• EXERCISE - this one is huge, most people feel too tired when stressed out to work out, but this is one of the best things you can do for yourself. It helps you burn off some steam and is good for your body. Take a walk/jog/run or head to the gym and pump some iron for half an hour. You may not feel like you have time, but usually when you are stressed and feel that way is when you need to work out the most. Make time and you'll feel much better for doing it.
  • PLAN AND PRIORITIZE - planning you schedule, making a to do list, and prioritizing things you need to accomplish can help if you're feeling overwhelmed. Start with some of the small easy stuff and cross these tasks off your list when you are done. This can give you a sense of accomplishment and be a moral booster. You can do it! Don't over-schedule yourself. Also, when setting goals, be sure you are setting SMART goals.
  • RELAX and/or MEDITATE - be sure to take some down time. Take a hot bubble bath, lay down in a quiet place and just focus on breathing techniques, meditate, do something that you find enjoyable and non-stressful. Taking a little time to do something for yourself can help you feel rested and restored. It can quiet your mind and give you better focus and more perspective. One thing I think people don't do enough these days is slow down and relax. Sometimes it really is ok to just do nothing.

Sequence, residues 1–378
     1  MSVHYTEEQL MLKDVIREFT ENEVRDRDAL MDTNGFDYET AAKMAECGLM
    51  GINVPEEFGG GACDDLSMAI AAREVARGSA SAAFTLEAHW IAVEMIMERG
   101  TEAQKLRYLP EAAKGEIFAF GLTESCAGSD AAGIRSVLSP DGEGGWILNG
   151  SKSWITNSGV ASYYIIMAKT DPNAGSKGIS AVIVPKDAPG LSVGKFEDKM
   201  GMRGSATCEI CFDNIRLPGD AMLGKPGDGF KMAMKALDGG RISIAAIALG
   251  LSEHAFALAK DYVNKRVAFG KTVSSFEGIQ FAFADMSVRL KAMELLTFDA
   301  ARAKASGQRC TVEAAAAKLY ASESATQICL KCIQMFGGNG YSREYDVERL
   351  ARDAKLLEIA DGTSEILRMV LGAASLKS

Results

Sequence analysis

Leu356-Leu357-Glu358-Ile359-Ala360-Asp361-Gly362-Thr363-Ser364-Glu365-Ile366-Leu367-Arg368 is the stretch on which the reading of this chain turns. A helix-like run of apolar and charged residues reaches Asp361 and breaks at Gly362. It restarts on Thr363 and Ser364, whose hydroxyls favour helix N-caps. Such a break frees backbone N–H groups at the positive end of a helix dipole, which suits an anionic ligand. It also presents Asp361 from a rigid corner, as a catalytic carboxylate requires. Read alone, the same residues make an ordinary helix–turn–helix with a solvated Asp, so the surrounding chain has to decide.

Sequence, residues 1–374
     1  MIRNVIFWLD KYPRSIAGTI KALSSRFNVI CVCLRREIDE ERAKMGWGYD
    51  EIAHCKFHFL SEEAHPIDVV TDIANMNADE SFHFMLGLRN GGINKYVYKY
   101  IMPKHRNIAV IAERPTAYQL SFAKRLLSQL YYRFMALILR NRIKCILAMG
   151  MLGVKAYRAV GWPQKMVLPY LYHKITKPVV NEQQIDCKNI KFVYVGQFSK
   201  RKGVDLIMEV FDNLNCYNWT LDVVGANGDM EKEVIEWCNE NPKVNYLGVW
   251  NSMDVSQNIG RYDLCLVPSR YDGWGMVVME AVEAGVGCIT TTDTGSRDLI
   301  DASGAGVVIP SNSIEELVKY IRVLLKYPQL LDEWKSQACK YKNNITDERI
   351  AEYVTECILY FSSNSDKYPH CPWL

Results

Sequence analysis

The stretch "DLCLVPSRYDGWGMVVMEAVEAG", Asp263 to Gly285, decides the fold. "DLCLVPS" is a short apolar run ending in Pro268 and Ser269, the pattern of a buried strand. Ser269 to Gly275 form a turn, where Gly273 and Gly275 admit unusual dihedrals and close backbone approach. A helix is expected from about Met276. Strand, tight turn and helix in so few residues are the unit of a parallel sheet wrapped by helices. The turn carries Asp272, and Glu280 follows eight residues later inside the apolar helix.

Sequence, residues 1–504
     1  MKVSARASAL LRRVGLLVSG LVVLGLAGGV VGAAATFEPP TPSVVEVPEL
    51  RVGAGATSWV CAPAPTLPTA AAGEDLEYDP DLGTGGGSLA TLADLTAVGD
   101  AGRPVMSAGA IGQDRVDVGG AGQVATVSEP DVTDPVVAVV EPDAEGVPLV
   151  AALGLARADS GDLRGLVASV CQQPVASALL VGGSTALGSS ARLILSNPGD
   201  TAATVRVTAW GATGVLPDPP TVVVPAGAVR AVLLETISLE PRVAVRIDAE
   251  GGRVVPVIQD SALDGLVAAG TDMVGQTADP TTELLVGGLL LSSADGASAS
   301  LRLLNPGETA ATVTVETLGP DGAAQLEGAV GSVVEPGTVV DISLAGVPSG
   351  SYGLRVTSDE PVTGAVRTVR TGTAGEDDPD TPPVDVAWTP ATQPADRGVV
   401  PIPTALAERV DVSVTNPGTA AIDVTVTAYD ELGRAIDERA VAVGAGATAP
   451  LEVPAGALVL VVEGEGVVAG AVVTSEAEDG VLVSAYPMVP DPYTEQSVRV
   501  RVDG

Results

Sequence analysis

• TALK IT OUT - talk with friends or family, someone you trust about your anxiety, apprehension, and stress. Sometimes just being able to talk it out helps and you'll feel a lot better after you've just gotten it out of your system. Plus, friends and family also usually form a great support network and can be a great source of encouragement and helpful advice. Avoid negative people or people who are more likely to contribute to your stress. 
  • AVOID IF POSSIBLE - finally, avoiding stressful situations (if you can) is the best way to deal with (or not deal with as the case may be) stress and it's side effects. 
So, if you're feeling stressed out, take a walk, eat some fruit and nuts, make a to do list, remember to breathe. Just remember, this too shall pass and you'll be all the stronger for it. Talk to people who are supportive and keep putting one foot in front of the other. 

Have a good week all. I believe in you!